The Courier News from Blytheville, Arkansas on June 6, 1952 · Page 4
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The Courier News from Blytheville, Arkansas · Page 4

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Blytheville, Arkansas
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Friday, June 6, 1952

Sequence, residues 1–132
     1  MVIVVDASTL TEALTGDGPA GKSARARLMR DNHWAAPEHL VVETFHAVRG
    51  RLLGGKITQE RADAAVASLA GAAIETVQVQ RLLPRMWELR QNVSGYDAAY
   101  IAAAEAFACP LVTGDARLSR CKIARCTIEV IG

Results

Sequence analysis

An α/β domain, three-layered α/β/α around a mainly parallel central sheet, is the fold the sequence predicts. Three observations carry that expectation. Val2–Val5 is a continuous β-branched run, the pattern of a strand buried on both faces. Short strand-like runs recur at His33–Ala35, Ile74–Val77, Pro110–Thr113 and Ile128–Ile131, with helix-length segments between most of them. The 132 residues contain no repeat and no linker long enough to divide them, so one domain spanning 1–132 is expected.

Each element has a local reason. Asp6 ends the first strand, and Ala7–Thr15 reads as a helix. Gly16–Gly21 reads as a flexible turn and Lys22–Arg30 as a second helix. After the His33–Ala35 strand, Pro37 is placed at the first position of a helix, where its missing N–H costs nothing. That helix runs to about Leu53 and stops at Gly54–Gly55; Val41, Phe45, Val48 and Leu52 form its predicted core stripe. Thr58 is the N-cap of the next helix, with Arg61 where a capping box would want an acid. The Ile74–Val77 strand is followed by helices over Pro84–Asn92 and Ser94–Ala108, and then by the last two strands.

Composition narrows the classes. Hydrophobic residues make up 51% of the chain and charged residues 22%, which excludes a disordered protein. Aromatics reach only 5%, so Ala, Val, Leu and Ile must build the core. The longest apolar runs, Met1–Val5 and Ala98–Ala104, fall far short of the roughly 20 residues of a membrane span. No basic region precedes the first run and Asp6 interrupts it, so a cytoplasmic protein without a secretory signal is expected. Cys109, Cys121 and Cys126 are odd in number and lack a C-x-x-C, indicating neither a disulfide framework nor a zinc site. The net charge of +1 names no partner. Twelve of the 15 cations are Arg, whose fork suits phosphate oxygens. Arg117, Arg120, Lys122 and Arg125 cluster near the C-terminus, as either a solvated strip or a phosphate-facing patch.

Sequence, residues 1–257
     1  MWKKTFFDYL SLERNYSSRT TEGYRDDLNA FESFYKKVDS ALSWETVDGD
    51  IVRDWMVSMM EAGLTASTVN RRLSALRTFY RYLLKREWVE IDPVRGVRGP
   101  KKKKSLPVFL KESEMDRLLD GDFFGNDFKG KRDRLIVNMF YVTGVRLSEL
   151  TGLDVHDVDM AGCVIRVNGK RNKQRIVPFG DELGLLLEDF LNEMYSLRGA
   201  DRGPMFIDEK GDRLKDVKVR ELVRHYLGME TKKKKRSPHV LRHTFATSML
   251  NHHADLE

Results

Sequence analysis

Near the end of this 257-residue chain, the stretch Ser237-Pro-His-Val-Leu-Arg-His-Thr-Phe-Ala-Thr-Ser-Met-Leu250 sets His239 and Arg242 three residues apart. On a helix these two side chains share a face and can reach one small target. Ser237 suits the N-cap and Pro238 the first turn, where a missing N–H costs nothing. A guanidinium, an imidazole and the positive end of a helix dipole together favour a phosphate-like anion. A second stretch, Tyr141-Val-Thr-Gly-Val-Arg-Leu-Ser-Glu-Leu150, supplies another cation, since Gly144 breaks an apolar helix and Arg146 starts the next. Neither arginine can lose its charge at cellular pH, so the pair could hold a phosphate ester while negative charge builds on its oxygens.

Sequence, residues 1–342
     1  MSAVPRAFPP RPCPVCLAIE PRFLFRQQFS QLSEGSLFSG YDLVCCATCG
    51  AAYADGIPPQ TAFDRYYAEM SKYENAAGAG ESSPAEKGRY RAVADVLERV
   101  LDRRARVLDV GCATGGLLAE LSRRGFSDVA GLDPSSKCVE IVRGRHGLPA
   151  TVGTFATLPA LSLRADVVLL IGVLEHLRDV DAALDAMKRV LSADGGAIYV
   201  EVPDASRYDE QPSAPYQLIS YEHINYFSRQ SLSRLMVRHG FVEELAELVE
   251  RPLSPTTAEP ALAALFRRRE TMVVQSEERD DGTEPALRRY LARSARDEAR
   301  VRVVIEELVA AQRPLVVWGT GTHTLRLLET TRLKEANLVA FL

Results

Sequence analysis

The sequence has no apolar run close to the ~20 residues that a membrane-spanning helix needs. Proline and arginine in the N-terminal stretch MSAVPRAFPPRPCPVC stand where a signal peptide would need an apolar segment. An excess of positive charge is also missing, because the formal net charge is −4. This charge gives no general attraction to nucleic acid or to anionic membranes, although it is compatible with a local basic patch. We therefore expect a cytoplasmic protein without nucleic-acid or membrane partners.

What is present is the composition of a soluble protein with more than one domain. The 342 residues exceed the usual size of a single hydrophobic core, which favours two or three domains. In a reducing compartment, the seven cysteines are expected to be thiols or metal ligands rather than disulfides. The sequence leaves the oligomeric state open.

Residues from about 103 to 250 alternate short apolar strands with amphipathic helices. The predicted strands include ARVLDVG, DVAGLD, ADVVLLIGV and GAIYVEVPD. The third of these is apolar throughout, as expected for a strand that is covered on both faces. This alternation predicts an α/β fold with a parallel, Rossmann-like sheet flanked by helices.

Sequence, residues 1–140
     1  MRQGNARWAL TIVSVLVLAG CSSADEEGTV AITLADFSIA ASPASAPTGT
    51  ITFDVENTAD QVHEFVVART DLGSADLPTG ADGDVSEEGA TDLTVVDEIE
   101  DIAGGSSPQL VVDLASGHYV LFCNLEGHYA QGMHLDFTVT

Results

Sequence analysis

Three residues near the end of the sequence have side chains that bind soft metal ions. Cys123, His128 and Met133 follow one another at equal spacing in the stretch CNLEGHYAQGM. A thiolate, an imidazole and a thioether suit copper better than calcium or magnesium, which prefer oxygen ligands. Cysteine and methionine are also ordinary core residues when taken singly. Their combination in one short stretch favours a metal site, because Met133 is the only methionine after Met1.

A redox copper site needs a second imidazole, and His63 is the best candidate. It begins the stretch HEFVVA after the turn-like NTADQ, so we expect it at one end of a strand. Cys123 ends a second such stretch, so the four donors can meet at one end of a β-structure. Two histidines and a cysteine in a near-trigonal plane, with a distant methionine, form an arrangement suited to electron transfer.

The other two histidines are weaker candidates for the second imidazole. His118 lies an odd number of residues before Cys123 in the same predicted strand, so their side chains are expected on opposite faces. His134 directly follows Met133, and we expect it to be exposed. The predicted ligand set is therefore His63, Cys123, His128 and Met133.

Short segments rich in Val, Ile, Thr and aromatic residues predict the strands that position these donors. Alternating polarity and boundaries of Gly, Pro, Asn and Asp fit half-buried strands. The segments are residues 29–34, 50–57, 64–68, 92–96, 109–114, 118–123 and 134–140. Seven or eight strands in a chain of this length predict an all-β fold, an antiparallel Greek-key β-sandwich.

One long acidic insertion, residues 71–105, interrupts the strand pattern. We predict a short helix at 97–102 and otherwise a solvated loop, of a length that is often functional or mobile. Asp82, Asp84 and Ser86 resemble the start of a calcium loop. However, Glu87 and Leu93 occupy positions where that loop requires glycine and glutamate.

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PAGE ETGTTT (ARK.) COURIER WEWS FRIDAT, JWE «, Tobacco-Chewing Johnny Sain Pays Off Double Indemnity for Yankees NATIONAL Brook lyn New York Chicago Cincinnati St. Louis Philadelphia Boston Pittsburgh LEAGUE W L Pel. OB 30 11 .132 28 15 .651 3 26 18 .691 514 23 22 .811 9 22 24 .478 10V, 18 24 .429 12 17 24 .415 13 11 37 .229 22« AMERICAN I,EAC1UE W L Pel. GB Cleveland Boston New York Washington Chicago Philadelhpia S.. Louis Detroit 27 19 .587 25 19 .568 22 17 .66-1 23 19 .548 22 24 .478 18 20 .414 21 25 .457 ' 14 29 ,32'6 11 SOUTHERN Mobile Atlanta Ner,' Orleans Chattanooga Birmingham Nashville Little Rock Memphis ASSOCIATION W L Pel. 32 23 .582 30 22 .517 32 2 .511 29 26 ,527 28 27 .401 25 27 .481 22 27 .449 16 36 .308 YESTERDAY'S RESULTS National League Chicago 3 New York 1 Brooklyn 2 Pittsburgh 0 Cincinnati 5 Philadelphia J Boston 8 St. Louis 3 B> RALPH RODEN The New York Yankees are collecting "double indemnity" on Johnny Sain, 33- year -old tobacco chewing righthander from Arkansas. Sain was purchased for $50,000 from the Boston Braves last year as "pennant insurance." OJtl Johnny paid off. winning two games for the world champions. The veteran curve bnll artlfio didn't figure highly In Yankee plans this. year. Many thought thaL Sain would draw his release before Ihe season started but John has fooled Ihcm all. Sftin was pressed Into action early when two members of the big thrcn. Ed l.oriat and Vic naschl hogged down because of ailments, won five Raines, the same jmber he posted for the Braves 18 decisions prior to his snlc to e Yanks. Only Allle Reynolds has on more. six. The old war horse, who broke to the majors with the Braves in 12 under his current hoss, Casey engel, pitched and helped bat the anks to n 6-4 triumph over the hicago While Sox yesterday. Bain's margin or victory would ave been greater but he has no ne to blame but himself for the ose call. The new Yankee nee ormnltled two errors in the sec- nd inning (hat led to three un- arned Chicago rung. The Yanks came right back with American Leafru« New York 6 Chicago 4 Cleveland 5 Boston 0 Detroit 12 Philadelphia 1 Only gamess cheduled Southern Association Chattanooga 5, Atlanta 2 Memphis 2, New Orleans 1 Birmingham 4, Nashville 2 Mobile 4, Little Rock 2 TODAY'S GAMES National Leaffn« Boston at Chicago. New York at Pittsburgh. Brooklyn »t Cincinnati, night, Philadelphia at St. Louis, night. AMERICAN LEAGUE Bt. Louis at New York. Detroit at Boston, night. Cleveland at Philadelphia, night Chicago at Washington, night. Southern Association Tonight's'games: Atlanta at Chattanooga New Orleans at Memphis Birmingham at Nashvtlla MobHe at, Little Hock Hogan Honored By Texans DALLAS W>—Ben Hogan. the lit tie king of golf. Is going to get past-due honor here Monday nigh He's going to be enshrined In th Texas Sports Hall of Fame. Voted Into the hall by the Texa Bportfi Writers Association as a athlete who "brought lasttnp fan' and honor to Texas." Hogan wl receive a plaque from the man \vl' first gained a niche In the hall— Trls Speaker, the famed Orev Eag of tiie major leagues. and won out In Ihe fifth with three more. Sain, who won a game early in Ihe week with a plnch-hlt single, drove home the first two runs. Hank Bauer tripled home the third. Loose fielding by shortstop Chlco Carrasquel figured in the rally. Carrasquel permitted a pop fly to drop for a hit, was slow in picking it up and later made » delayed throw to the plate after taking a relay from the outfield. Cnrrasquel accounted for three of Chicago's seven hits, pounding out a single, double and homer. It was the . Yanks' seventh straight over Chicago and It moved them to wilhln 1 i^gnrnes of the front-running Cleveland Indians. Early Wynn soft-balled the Indians to a 5-0 four-hit verdict over the Boston Red Snx who startec the game In first place by three percentage points. Errors by Vern Stephens and George Kell handec the Indians four unearned runs and ruined a fine pitching tob by Ellis Kinder. The Detroit Tigers swamped the Athletics, 12-2. In a night game a Philadelphia. Home runs by Gerry Priddy and Walt Dropo featured the attack lhat permitted Marlln Stuart to coast to victory. The loss ended the A's five game winning streak end dropped them Ihre games behind fourth place Wash Infilon. The Senators and St. I..OUL Browns were Idle. Bums Going Brooklyn stretched its Natlona hree in their half to tie Ihe score League, lead to three games, down- ng the last place Pittsburgh Pirate*, 24, wbil* Uw tuoovup New York Glanis dropped a 3-1 decision o the frisky Chicago Cubs. Big Ben Wade limited the Irates o live hits, walked five and fanned six In hurling his first major eague shutout. The Dodgers col- ected only six hits but made the most of 15 walks in heating the rates for the eighth straight .ime. The Brooks broke a score- tie In the seventh, scoring >nce on two walks and two singles II Hodges doubled home Jackie Robinson with the final run in the ninth. Ed Miksis clouted » two-run two, out homer In the seventh to beal the Giants. The blow broke a 1-1 tie and gave Paul Minner the first victory of his career over the New Yorkers whn had beaten him eevcn straight times. Lefty Dave Kosl< was Ihe. loser. In other National League games the Cincinnati Reds checked the Philadelphia Phillies. 5-3. and th Boston Braves smeared Ihe Cards 8-3, under the lights at St. Louis. The Reds pited up a 5-1 advan tage In three Innings to allow Harr> Perkowski to breeze to his fift] triumph. Poor fielding by outfield er Johnny Wyrostek, a former Red set up a pair of two-run rallies. Lefty Warren Spahn had no trou ble racking up his fifth straigh victory. The Braves clouted Johnn Yllhas and Joe Preske for Beve runs In the first Inning. Sid Gordo featured the rally with a three-ru homer. Marciano or Matthews Next For Fabulous Jersey Joe By MURRAY ROSE PHILADELPHIA (AP)—A million dollar shot with either undefeated Rocky MarclV. no or Harry Kid Matthews appeared to be the next move ahead for fabulous Jersey Jo» Valcott today as he celebrated hia second straight victory over Ezzard Charles. UNWELCOME ASSIST A non-professional nuisance took Ihe GiarrU' Jim Hearn's foul into the box seats behind first base away from the Dodgers' Gtl Hodflps in Brooklyn. He was ejected from Ebbets Field for interfering with play. (NEA) Midnight almost struck for toe! rounds. 3-year old Cinderella man of the' Both Walcott and Charles said th ere wou Id be no fi f th figh t between them. Ole Diz Offers Comment On Bob Rush Phantom Ball Water Tips Bucket To Record Rainfall MEW YORK (AP)— Every time rains a little gadget called a tipping bucket goes Into action on the roof of the U. S. Weather Bureau, 52 floors above the I^atlcry, to record the amount of New York's raln- falL The tipping bucket is like a sre- saw. Whenever .01 Inch of rain gathers in the scoop that is up, it tips, emptying the water nud bringing up the scoop at the other end. Ted Williams is Defended As reat, Generous Ballplayer By GAYLE TALBOT NEW YORK (AP)—The man who never had thought much of Ted Williams as 'winning" ball player observed in a needlin g tone that the Boston Red Sox were right ip there in the American League race now that the sphinx of Fenway Park had gone back nto the service. So what?" snapped the man ::i whom the barb hud sunk up to the shaft. "How do you know they wouldn't be six games out in front f Williams was still In Ihe lineup? A player who led the league in HS many things as he did couldn't mve been much of n drawback." 'All I know/' replied the heckler, "is that they didn't win with him in there. In my book he'll always be a player who dlrtn't produce in the clutch. When It was n tie in the lale Innings, Williams didn't hit. Not when I was watching him, anyway." "What you might overlook," declared the Williams fan, "is that in those games you're talking about Ted probably already had mode a couple of hits to tie the score. He had made the tie possible. Did you expect him to hit every time he came up? Apparently some people did." Recognizing that their man was off and running, Ihe sports writers around (be table leaned back and prepared to learn a few things about Williams. Me had puzzled them perhaps more than any other player over the years. Points Out Generosity ^Thn biggeM mistake you fellows ever will irmkc," resumed Ted's friend, "was your belief that he was tight with his money. As matter of fact, I'm sure In my own mind that he given away more money and loaned more to his Nooga Bumps Crax Again as Mobile Climbs By The Associated Press Skinny Bob Ludu-lck. who ha been battered on occasion this year but never beaten, has pitched the ever-hustling Mobile Bears back into the driver's seat In the topsy- turvy Southern Association pennant scramble. The let (handed curve ball specialist hung up his seventh straight triumph last night with a 6-hltter 4-2 over Little Hock as th* Bruins regained the lead. Chattanooga knocked the Atlanta Swept hack Wing* Coming As Standard Equipment, } Soyi Aviation Expert PARMINGDALE, N. Y. W) — fiweptback wing efect will be standard for every first-line combat plnne in the Air FYirce by 1955, says Alexander Knrtvcli, vice-president of Republic Aviation Corp. "It's sweptback wings that help man fly .faster than sound," Re .snid. "Sutplback wings cut- down on what airmen call drag.^For example, a plane with wings swept back 45 degrees Hying Rt the speed of sound (760 miles an hour at sea levfil) r&actfi to the pilot's control like a straight-wing plane at only 540 mph. "Thus A plane with sweptback wings Is more mancuvcrable at high speeds, can turn, wheel, climb and dive easier," he said. Moslems Eyeing Meat SINGAPORE (&> — S i n ? a p ore Moslems are planning to send two butchrr? to Australia to fee that slaughtering of sheep and goals for Moslem consumption here are in Recordable with religion rites. The Moslem Advisory Hoard is to discuss the proposal with mutton import- Read Courier News Classified Ads- friends, Including other players, players, than any man in the game. He is, honestly, the most liberal man I've ever known. "You didn't know about It—Ted .saw to It that yon didn't—but I will guarantee that he visited more hospitals and made more personal appearances at charitable and other sorts of gatherings than any other player. I didn't learn about this from Ted, but from fellows In Boston who are in position to know. "There is only one small fault I was ever able to find in Ted, I and maybe tbai's not a fault, either. He Is stubborn. When he makes up his mind about something, that's the way It's going to be and nobody is going to change his mind. A listener pointed out that if the slugger had at times received a cnld press, it was at least partly his own fan)!. Why wouldn't he. the friend, permit (he use of his nam ennri ofter some details of Ted's penorosity and his kindly acts off the field? It seeme donly fair, but he shook his dead de- C/iem/ca/s Utilized To Keep Deer Away CEDAR FALLS, Town C.-Fh—A n«w type of chemical will be tried In effort to halt crop damage by deer In this vicinity. The lest- will be supervised by biologists of the Iowa Conservation Commission on a farm adjoining John Higgins State Park Six acres, exposed to deer depredation, will be planted to soybean nnd treated with the repellent. Twi other acres in the samp tract wil be planted but unsprayed. The tenant on the farm. Henrj hies, says that- he tried to rai.s* iybeans on 11 acres two years •£< but the deer Rtc the tops ofT Ihi plants. The result wns. no crop. cistvfily. "t want (o keep ship," he said. Ted'« frfenc DISTUUKT, 1ST. IOUISVIUE * oull ° CHICAGO W 1 )—Bob Rush and his •hantorn pitch are making suckers ut of National League sluggers. That's a good name for his speed all." said Dizzy Dean who watched he fi foot. 5 Chicago Cub rlghthand- r set down the New York Giants m six hits and a 6-2 decision for his seventh straight win Wednee- 'They can't see It, and even U hey do it does funny tricks." con- inued Dean, once the blazing-bal ace of th* senior. "I'v* seen Rush In three games .his year and he's the fastest pitcher In the league. I'll bet he'll lead n pitching this season .should ge 20 wins easily." Ha has an B-2 mark this season. "U Comes Fast" Dean makes a swooping gesture with his hand when trying to de scribe Rush's phantom ball. 'H romes In fast anrt hopping like," he appraised. "It ain't r.oth- in' to be a fast thrower in a straight line. But when that fast ball is hoppln' and jumpin', then, buddy, you've got some thing. Rush has a curve, but he doesn't need to show It much—just enough to give the batters a smell of It now and then. "He's big and durable and this year knows how to make better use of his bigness -he leans Into the pitch. Yep. the lad's got, it/ Hush, himself, calls his pitch "a sinking fast ball." "I think my good start this season can be credited to control more than anything else." Rush explained. "I've only given up one walk In my last- 18 Innings and 18 in my last 64. That's what I keep Irack of. those walks, They'll kill any pitcher." ring but he came on with a mild ally in the last round of a tame to win by the narrowest of margins in mammoth Municipal St?.dium last night. Old Jersey, making the first de- cnse of the crown he knocked from :harles' brow last July, thought he wo n by a w Ide margin. He was lAppy about the whole thing, dull 1 though it was. Tills ought to show them that ' didn't win the first time by a ucky punch," said Walcott. "I hope this settles the matter." While the once poverty-stricken Negro accepted congratulations from a mob of well wisherSj Manager Felix Bncchicchlo began casting lines to net a golden caich tor his amazing oldtimer. Promoter Jim Norrls of the International Boxitig Club offered Walcott the choice of either Marciano, the Brockton r Mass., belter, or Matthews, the sensational Seattle contender, for another championship show in September. This seemed to Indicate that the propossd Mama no-Matthews match for New York in July won't come off unless Walcott turns down a mo-tch right ofT with either. Marciano and Matthews are tremendous attractions and both Norris and Bocchicchio believe that a bout with either would bring In over a million dollars, television included. Eye for, T>ough Bocchicchio, however, declined to commit himself immediately. "We'll fight anyone anywhere we can get the most money," he said. "Up to now we haven't mad* a dime. Maybe now that the people are convinced that Walcott is a real champion and not just a lucky old man, we'll be able to make The bout, broadcast and telecast coast to coast, attracted a crowd of split. 21,5W and a grots gate of 1210.313. Another $175,000 was added by th» television-radio money. From the total, Charles and Walcott each netted about $91,000 on their 30-Game Schedule Set For Midget Leaguers A 30-pame schedule has been released by Y Director J. P. Garrott for Blytheville's new Midget League with play to open on June 10 when the American Legion and Lions Club teams will meet. The season is to close on Aug. 14. Six teams are entered In the league, which will have nearly 100 boys participating. Sponsoring Institutions provld* coaches and most teams have been working out for several weeks already. Boys between the ages 10-12 inclusive are eligible to play with the Midgets. Team sponsors are Legion, Lions, Yarhro Co-Gp, Junior Chamber of Klwanis and Rotary and Kiwanil clubs. Crackers off the top perch with a ,. . .. . _ , '2 decision; Birmingham rose th £, thln * p , ay °"', . . \ The wheel of fortune has turned all the way for Walcott now. The muscular campaigner, who came off the relief roles to make his amaz- again to fifth place with a 4-2 edge over Nashville, and Memphis trim-, metf New Orleans, 2-1. Mobile used a double by Bill An- innello and a homer by George Preese to obtain three tallies—all I they needed—off Alex McNeilance the first inning. An error hy Freese In the sixth, followed by Rnlph Atkins 1 home run, provided both Little Rock scores. Balloting Starts On All-Stars by capturing the last round on the storecards of two officiate. It was back in 1917 that a losing last round cost Jersey Joe the title in his first fight with Joe Louis in Madison Square Garden. Judges Buck McTiernan and Pete Tomasco scored the 15th for Walcott. That meant the difference and a unanimous decision. Me- Tiernan, who refereed the Pittsburgh flght between the two, voted for Walcott, 8-T. Tomasco had Joe CHICAGO (>r)—General Manager ahead. 7-6-2. Frank Lane of the Chicago White H they had cast their last round Sox and Business Manager Jim [ballots for Charles he would have Gallagher of the Cubs were among ; become the first former champion the first to cast ballots today in i ever to regain the heavyweight voting to determine starters for the • crown. Referee Zach Clayton, the 19th annual All-Star baseball game.! first Negro ever to referee a heavy- Fans will vote for their favorite we'Sht championship fight, gave American and National League i Charles the last round but voted players through 200 newspapers for .Walcott. 9 to 6. and radio stations in the United | The Associated Press scorecard States, Canada, Hawaii and Puerto j had Charles in front. 7-6-2. Rico Boxing writers were divided on The clearing house In the 22-day p 1 . 8 decisinn An AP poll at ring- poll is the Chicago Tribune. 51 ^ e showed 21 critic* had Charles > . .. , ,, , r „ ahead to IB for Walcott. Two more t-irst choices of the fans for all ha(J the fi ht cvep positions except pitcher — June 10 June 11 June 12 June 17 June 18 June 19 June 24 June 25 June 26 July 1 July 2 July 3 July 6 July 8 July 10 July 15 July 16 July 17 July 22 July 23 July 24 July 29 July 30 July 31 Aug. 5 Aug. 5 Aug. 7 Aug. 12 Aug. 13 Aug. 14 American Legion Botarr Kiwanis Rotary American legion Uons Lions Kiwanis Yarbro Co-nps Yarbro Co-op* Klwants Jaycees Lions Yarbro Oo-op* American Legion Yarbro Co-ops Llon.1 Jaycees Yarbro Co-ops Kiwanis Jaycees American Legion Jaycees Rotary Lions American Legion Rotary Rotary Kiwanis Jaycees vs. Lions Yarbro Co-opi Kiwanis Jaycees Yarbro Co-op* Rotary J&ycees American Legion Rotary American Legion Lions Klwanli JayceeB Rotary Kiwanis American Rotary Lions Rotary American Yarbro Co-op* Kiwanil Lions . Jaycees . Kiwanis . Yarbro Co-ops . American Legion . Lions , Yarbro Co-op§ Legion Legion league July 8. except will start in in each the baseball at Philadelphia's Shibe Park I $2,000,000 Sale For Race Track TORONTO (/P)—Thorncllffe racetrack today was sold to a syndicate headed by L. Jules Mendelssohn of Toronto for two million dollars. The syndicate, which haa been running trotting races there, hns held an option on the racing plant for the past month. Charles said hit weight—191 pounds—heaviest of his career—was all right and didn't hurt him- He was five pounds lighter than cott, f * h a rles Se wed U p There were no kjvockdowns in the bout and. nothing close to one. Several times Walcott appeared to have Jarred Ezay and on a couple of occasions Charles seemed to have hurt the champion. But neither could fallow up any advantage. Charles, an 11-5 favorite, suffered a cut over his right eye which required three stitches and bruises around the other eye. Walcott bled slightly from the nose In the closing In 1M9 New York find Texas were the only states in the United States that had more than 500 hospitals each. THRILLS GALORE! Every Sunday Storting SUNDAY, June 8th. Walker Park FAIRGROUNDS ADULTS: 75e Children Under 12: FREE 8 BIG RACES! Time Trials: 1 p.m. Races 2 p.m. STOCK CAR RACES If You Like Pig Sandwiches (sx READ THIS! The DIXIE PIfi will serve honest-to-goociness, hickorv-cookcd, barbecue Pig only 6 Hays a week. WE'RE CLOSING MONDAY'S! Yes ' beginning this Monday, we'll be closed every Monday during the summer months. The DIXIE PIG schedules scenic routes N. Highway 61 Phon« 4636 ATTENTION GINNERS! With the exception ol Jack Logan, we atUI have Ihe sami personnel to take care ol your ginning repair needs. We rrfill, file and train »am; refill mnd balance brash«i »nd have a eompJcle stork ot ralves, elbows (Trnm II" la 14") and r'p*- Alum, a complete line of bearings for your fin. We have the personnel and equipment to meet your ginning repair needs tnd we're anxious to se-rvt youl All work ti guarantied. Joe Atkins Machine Works S. Highway 61 Phone 3142 Night 6153 ESTBUY in travel! GR EYHOUND Tharc'f fun ar)*arf—»t cleir blue lakes, sun-swept beaches, glorious mountain country! And there's pleasure a-pleaty Along theTv-ay when you choose Greyhound —direct to any popular vacation]and in America! You'll ride the Nation's fiiv est motor buses — free from driving strain and packing problems— enjoying liberal Atop- over privileges for sight-seeing and visiting. And you'll be sure of BIG savings like thesel H*r« or* BEST BUYS in trip* fo ell Memphis. Tenn. .. SL Louis, Mo Chicago. HI 9.45 San Francisco Chattanooga . . Jackson, .Miss. . \ashville. Tenn. Denver, Colo. ., Ashevllle, N. C. Miami, Fla 0-. 1.1.4 Wcy Tnp t \.9» S 3.15 5.85 10.55 17.05 66.15 11.25 11.10 11.25 36.75 21.M 37.35 Wo, \f, Biloxl, Miss 10.05 18.1* RocMord, 111 10.6* 19.1* 38.90 7.M 6.15 6.26 20.40 12.00 20.75 Hoi Spring*. Ark. .. ^•|agara Falls Xorfolk, Va. Tucson, Arii Washington, D. C. New Orleans, L*. New YorV, N. Y. Peorii, III 6.25 11.15 11.65 3 1.8* 20.M 37.65 2t.M 36.75 9.M 17.65 13.lt 42.11 GREYHOUND BUS TERMINAL iw y. Fit* GREYHOUND